Planet Earth

A Clue to the Evolutionary Riddle of How the Turtle Got Its Shell

80beatsBy Eliza StricklandDec 1, 2008 8:20 PM


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Three prehistoric turtle fossils dating from 220 million years ago have provided new evidence to fuel the debate over how the turtle's remarkable shell evolved. The fossils, which were found in southwestern China, show turtles with fully developed shells on their bellies, but nothing above on their backs. Says researcher Xiao-chun Wu:

"Since the 1800s, there have been many hypotheses about the origin of the turtle shell. Now we have these fossils of the earliest known turtle. They support the theory that the shell would have formed from below as extensions of the backbone and ribs, rather than as bony plates from the skin as others have theorised" [Telegraph].

Researchers write in their paper in Nature [subscription required] that they named the new speciesOdontochelys semistestacea, which means toothed, half-shelled turtle. Wu and his coauthor Chun Li say the fossils support the theory that the lower shell, called the plastron, evolved first, and that the upper shell, called the carapace, formed later.

This process corresponds with the shell formation seen in turtle embryos and hatchlings [Telegraph].

The new research contradicts the other main theory regarding the evolution of the turtle shell, which holds that the shell

evolved from bony plates on the skin that broadened and fused together to form the turtle's armor. The entire structure would then fuse to the underlying ribs and backbone. (Modern reptiles, such as crocodiles, have these bony plates, as did some dinosaurs, such as ankylosaurs.) The newly studied Odontochelys specimens, however, showed no signs of bony skin plates [LiveScience].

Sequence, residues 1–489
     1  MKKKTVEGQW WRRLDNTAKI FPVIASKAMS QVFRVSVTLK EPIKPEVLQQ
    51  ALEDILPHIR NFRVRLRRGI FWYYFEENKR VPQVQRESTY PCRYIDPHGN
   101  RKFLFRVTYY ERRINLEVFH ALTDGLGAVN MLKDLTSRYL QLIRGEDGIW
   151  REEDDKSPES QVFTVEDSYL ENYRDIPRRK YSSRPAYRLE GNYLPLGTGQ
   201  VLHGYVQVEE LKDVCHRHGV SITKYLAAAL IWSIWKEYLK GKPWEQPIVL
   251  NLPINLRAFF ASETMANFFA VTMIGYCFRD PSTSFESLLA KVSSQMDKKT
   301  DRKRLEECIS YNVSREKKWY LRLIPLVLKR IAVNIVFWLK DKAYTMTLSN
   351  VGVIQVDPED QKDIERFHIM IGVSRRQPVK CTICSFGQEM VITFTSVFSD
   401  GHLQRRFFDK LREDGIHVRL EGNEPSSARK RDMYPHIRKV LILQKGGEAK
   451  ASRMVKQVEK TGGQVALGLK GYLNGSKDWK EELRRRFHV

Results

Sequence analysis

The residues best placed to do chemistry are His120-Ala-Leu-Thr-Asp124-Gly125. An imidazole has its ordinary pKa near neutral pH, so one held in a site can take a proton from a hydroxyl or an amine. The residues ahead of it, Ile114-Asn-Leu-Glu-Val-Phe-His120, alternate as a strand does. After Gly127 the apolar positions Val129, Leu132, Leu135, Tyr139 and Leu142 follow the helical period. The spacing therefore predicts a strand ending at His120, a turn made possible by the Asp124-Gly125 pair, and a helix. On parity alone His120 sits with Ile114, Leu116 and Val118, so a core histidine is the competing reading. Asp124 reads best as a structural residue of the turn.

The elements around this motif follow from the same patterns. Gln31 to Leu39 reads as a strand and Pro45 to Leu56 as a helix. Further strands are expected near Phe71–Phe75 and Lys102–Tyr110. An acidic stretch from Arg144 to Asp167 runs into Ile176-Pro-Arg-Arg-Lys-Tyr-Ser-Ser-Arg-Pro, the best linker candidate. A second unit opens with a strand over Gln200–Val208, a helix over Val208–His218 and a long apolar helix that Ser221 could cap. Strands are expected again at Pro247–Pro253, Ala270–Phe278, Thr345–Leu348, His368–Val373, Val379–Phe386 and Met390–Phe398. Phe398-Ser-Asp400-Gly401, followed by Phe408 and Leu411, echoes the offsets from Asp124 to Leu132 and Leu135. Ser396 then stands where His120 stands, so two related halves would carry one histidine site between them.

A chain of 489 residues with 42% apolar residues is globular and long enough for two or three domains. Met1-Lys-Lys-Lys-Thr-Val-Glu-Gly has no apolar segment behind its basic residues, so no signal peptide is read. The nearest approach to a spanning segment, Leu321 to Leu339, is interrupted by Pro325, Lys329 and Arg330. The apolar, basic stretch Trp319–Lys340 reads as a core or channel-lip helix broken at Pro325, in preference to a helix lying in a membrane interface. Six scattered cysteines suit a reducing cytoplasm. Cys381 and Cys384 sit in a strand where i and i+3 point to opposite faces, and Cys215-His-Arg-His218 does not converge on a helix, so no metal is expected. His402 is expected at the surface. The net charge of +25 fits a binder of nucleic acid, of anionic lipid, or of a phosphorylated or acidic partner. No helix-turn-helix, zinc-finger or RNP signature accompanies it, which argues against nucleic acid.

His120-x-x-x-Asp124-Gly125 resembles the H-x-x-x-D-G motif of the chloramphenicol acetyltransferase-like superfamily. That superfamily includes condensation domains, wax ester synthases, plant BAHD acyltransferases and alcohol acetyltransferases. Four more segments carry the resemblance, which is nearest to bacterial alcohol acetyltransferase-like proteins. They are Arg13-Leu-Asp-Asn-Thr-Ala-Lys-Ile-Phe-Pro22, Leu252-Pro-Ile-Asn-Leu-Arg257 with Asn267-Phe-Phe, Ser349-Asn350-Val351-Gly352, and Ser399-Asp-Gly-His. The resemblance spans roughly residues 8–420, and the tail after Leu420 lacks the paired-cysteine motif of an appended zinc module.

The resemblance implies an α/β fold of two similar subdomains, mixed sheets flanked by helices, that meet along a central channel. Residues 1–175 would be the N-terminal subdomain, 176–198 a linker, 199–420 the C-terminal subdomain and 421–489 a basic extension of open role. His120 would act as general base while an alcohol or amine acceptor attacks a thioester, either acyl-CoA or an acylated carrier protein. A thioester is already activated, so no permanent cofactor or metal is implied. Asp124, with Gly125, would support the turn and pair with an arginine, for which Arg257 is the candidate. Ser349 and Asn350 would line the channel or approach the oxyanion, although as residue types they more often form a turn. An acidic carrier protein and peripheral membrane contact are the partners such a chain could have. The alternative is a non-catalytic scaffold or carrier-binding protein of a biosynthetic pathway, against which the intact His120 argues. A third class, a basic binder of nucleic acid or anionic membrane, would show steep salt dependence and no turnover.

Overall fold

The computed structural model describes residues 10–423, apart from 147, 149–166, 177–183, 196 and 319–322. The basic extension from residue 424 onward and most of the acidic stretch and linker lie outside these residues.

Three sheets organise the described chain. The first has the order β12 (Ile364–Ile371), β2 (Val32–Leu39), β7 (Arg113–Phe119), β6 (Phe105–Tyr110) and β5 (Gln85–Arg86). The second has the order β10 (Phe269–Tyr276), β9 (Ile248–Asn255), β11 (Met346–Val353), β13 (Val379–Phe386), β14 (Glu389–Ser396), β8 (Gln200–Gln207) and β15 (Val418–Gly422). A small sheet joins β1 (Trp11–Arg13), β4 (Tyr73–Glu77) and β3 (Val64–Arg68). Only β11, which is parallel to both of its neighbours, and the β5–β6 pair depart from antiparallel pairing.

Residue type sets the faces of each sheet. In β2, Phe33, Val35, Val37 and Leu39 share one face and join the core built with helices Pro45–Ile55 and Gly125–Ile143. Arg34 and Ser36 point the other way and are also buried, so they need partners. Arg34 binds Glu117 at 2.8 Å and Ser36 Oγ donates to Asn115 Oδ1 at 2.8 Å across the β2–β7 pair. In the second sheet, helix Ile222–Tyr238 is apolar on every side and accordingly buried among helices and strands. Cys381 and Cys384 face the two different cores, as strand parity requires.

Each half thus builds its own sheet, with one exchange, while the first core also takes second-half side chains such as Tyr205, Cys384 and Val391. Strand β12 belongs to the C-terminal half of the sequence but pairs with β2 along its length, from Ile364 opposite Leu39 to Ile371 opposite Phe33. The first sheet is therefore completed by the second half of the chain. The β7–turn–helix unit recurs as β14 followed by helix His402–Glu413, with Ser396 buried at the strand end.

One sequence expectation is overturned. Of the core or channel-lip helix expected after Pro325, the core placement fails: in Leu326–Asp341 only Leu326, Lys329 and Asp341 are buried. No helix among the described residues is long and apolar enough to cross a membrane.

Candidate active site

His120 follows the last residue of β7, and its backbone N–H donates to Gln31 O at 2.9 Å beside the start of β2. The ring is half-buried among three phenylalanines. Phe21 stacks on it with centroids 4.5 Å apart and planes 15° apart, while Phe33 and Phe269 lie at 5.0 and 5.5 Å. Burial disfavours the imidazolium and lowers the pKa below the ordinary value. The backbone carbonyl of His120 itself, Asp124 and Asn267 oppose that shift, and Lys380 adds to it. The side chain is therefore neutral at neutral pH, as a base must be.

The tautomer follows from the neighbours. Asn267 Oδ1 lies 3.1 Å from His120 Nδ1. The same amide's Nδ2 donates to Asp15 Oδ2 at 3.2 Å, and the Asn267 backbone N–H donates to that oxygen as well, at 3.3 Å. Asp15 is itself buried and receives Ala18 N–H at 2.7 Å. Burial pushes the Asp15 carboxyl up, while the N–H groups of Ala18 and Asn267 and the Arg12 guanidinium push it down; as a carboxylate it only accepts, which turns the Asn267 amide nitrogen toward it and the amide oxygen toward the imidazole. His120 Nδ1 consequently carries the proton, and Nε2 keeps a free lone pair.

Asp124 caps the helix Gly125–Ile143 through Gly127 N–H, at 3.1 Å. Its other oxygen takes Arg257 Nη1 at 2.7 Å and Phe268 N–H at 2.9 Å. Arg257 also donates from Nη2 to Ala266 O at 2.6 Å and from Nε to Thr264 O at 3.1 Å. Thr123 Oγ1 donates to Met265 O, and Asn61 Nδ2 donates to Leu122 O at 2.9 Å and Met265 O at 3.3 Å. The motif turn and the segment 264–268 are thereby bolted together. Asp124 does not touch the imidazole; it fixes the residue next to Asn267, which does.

The fossils also suggest that the prehistoric turtle was a marine animal, researchers say, who probably lived in river deltas or shallow coastal waters. Zoologist Olivier Rieppel examined the fossils, and agrees with this conclusion.

"This strongly suggests Odontochelys was a water dweller whose swimming exposed its underside to predators. Reptiles living on the land have their bellies close to the ground with little exposure to danger," he said [BBC News].

Researchers say the structure and proportions of the reptile's long forelimbs also support the notion that it was a swimmer. However, not everyone is on board with the research team's theory that the half-shelled animal represents one of the earliest evolutionary stages of the turtle shell. Paleontologist Robert Reisz comments:

"Their argument is valid.... But we argue that it's equally possible that this could already be a [shell] reduction in an earlier turtle that we haven't found. Lots of marine turtles actually reduce their shell once they get into the water"[National Geographic News].

Researchers will have to keep digging for more turtle fossils, Reisz says, if they want to find the real missing link between reptile ancestors and the first turtles. Image: Marlene Donnelly

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